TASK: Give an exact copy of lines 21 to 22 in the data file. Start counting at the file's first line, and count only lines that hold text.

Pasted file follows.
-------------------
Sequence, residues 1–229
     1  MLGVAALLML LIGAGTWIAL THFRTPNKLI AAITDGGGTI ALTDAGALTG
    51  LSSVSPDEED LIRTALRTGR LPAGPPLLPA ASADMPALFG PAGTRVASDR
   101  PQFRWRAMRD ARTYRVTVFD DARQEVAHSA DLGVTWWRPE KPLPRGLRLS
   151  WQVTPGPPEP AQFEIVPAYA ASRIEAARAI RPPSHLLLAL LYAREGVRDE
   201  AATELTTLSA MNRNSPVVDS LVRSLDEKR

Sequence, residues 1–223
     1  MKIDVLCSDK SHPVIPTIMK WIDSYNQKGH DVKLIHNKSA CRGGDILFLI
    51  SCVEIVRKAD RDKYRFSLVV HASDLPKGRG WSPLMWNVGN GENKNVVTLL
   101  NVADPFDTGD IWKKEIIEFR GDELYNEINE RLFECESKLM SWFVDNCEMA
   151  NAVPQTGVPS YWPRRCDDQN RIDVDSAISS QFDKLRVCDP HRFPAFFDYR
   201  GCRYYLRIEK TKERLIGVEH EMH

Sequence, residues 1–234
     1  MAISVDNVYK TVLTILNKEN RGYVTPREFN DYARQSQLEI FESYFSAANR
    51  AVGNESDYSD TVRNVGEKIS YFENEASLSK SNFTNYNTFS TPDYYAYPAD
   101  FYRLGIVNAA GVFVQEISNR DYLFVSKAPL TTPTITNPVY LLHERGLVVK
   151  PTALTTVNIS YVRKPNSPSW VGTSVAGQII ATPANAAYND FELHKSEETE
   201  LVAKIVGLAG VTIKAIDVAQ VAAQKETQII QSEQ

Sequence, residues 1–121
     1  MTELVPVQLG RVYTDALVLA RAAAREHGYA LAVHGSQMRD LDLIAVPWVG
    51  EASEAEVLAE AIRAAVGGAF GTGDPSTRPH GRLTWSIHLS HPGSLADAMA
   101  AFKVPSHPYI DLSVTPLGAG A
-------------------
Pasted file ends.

    51  EASEAEVLAE AIRAAVGGAF GTGDPSTRPH GRLTWSIHLS HPGSLADAMA
   101  AFKVPSHPYI DLSVTPLGAG A